A reporter for the pro-Syrian regime al-Mayadeen News Channel tweeted on his personal account that two members of regime forces had been wounded by Turkish shelling targeting villages and towns of al-Malikiyah and Shawargha in the northern countryside of Aleppo.

A day later, this bombing was followed by a Turkish targeting of a Syrian regime forces’ military post in the village of Tal al-Madiq in the northern countryside of Aleppo, causing material damage.

No widespread amid US silence

Syrian political writer and journalist Darwish Khalifa believes that the consensus between SDF and the Syrian regime over control will be related solely to military partnership on the fronts, justifying his view with the lack of clarity on the US position regarding the deployment of regime forces in these areas to date.

Neither the US administration nor the International Coalition has commented on the issue of the regime’s presence in areas held by SDF, which is mainly supported by them.

The alliance between the regime and SDF is merely a common interest regarding the “rejection of Turkish penetration,” Khalifa told Enab Baladi while adding that differences between the two parties on other issues remain “significant.”

Khalifa considered that SDF’s power over these areas would not remain the same, as it is likely that it would be extorted by the regime every now and then to obtain additional concessions and progressively extend its control over more areas.

Two days ago, the spokesman for AANES’ Department of Foreign Relations, Kamal Akef, said that certain parties and entities had recently shared the news that there were meetings between AANES and the Syrian Democratic Council (SDC) on the one hand, and the Syrian regime government on the other, denying that it ever happened.

Akef considered that all moves take place exclusively within the understanding and upholding of the agreement on maintaining the borders between AANES and the regime.

Will SDF withdraw from border areas?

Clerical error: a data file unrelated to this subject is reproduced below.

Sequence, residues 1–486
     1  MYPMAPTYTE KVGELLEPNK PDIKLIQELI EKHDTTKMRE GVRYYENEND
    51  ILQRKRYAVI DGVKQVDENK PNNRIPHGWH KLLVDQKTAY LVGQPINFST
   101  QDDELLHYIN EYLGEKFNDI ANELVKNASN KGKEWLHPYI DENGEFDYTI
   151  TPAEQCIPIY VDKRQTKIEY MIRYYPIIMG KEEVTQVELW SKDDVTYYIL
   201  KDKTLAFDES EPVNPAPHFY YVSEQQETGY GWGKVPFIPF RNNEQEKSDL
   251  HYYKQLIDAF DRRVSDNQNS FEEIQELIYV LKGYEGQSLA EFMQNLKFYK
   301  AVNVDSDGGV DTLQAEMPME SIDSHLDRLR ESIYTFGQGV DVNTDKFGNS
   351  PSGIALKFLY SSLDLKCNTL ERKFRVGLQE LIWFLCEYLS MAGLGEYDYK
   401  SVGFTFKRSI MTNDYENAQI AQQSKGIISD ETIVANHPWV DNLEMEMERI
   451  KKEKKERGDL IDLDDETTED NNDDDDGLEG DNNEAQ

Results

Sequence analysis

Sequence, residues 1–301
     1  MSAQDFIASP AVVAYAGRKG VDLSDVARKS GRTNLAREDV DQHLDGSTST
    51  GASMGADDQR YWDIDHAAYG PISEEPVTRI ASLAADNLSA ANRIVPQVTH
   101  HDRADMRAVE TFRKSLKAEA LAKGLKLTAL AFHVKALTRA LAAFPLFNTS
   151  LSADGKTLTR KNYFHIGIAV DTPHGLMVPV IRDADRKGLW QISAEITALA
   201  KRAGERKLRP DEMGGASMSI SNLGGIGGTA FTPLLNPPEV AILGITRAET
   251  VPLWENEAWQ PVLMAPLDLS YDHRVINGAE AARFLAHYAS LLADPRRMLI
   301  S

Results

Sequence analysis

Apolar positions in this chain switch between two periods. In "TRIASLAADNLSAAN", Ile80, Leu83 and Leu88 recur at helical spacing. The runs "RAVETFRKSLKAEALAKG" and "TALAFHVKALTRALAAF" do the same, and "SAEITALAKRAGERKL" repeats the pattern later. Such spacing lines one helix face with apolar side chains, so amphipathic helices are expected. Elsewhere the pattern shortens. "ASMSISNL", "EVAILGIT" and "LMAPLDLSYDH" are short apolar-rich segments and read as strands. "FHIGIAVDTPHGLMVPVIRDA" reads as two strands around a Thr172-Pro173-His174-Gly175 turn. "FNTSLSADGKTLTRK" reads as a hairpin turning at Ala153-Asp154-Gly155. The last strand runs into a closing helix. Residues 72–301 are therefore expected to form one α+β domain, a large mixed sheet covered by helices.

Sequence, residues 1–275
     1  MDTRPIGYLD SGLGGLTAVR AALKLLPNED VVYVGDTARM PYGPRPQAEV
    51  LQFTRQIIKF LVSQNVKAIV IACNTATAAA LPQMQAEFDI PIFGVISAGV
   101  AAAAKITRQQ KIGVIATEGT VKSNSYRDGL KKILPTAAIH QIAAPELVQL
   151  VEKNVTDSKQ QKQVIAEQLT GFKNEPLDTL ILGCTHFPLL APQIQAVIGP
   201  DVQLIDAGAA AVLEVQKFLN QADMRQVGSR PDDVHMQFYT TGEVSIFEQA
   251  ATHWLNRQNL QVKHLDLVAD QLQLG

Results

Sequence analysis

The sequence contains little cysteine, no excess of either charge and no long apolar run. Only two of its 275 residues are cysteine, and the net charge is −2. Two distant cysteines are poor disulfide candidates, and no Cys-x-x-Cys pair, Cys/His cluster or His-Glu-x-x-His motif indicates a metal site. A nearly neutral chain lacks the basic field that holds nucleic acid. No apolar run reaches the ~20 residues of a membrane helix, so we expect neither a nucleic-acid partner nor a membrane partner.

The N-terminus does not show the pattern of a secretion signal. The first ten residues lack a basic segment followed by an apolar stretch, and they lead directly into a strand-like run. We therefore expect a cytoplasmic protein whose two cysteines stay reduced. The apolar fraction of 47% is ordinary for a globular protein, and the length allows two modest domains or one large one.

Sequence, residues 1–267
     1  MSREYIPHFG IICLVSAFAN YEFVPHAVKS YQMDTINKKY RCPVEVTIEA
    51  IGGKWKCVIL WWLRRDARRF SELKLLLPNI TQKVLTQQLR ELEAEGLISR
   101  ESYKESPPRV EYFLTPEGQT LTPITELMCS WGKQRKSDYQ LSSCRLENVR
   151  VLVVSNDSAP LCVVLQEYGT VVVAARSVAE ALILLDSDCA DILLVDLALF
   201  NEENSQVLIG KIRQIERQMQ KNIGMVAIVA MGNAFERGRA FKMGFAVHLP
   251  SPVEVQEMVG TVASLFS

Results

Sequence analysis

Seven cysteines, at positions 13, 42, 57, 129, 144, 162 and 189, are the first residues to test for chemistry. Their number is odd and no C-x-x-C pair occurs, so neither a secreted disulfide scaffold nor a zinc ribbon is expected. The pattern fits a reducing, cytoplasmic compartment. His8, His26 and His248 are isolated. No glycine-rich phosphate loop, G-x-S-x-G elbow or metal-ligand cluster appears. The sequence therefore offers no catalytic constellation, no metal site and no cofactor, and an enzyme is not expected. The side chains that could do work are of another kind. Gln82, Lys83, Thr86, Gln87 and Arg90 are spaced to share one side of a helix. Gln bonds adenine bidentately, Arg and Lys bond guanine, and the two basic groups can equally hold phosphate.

Under current data, Anas Shawakh, a political researcher specializing in the affairs of the eastern Euphrates region, ruled out SDF’s complete withdrawal from the areas that the regime entered in the near future.

Continued aerial targeting by Turkish forces of the Kurdistan Workers’ Party (PKK) and SDF targets in these areas may cause the latter to reduce its presence, deployment, or movement in areas far from its areas of dominance in al-Hasakah. According to Shawakh, this could be exploited by Russia to increase the deployment of the regime forces.

For his part, the writer Darwish Khalifa considered that SDF may have to make significant concessions in these areas in the interest of the regime, which in turn will pursue a new strategy to resist Turkey at times, and retreat at other times, to compel SDF to meet more of the regime’s demands, perhaps the first of which would be to hand over the Ashrafieh and Sheikh Maqsoud neighborhoods to extend its absolute military control over them.

The Syrian regime insists on the local administration model to integrate governance structures and settlements and also to integrate the People’s Protection Units (YPG), Internal Security Forces (Asayish), and SDF fighters in general.

Last June, the head of the SDF executive body, Ilham Ahmed, responded to the Russian call to merge the Syrian Democratic Forces with the Syrian regime forces.

“Instead of attacking (SDF) forces, it is better to talk about how to find a political solution. Therefore, merging (SDF) with the Syrian army according to certain mechanisms is the proper solution in light of the tacit fragmentation of the regime’s forces”, Ahmed said.

She added that it was better to “find a suitable solution,” considering that SDF had turned into a “challenging number in the equation that simply cannot be bypassed.”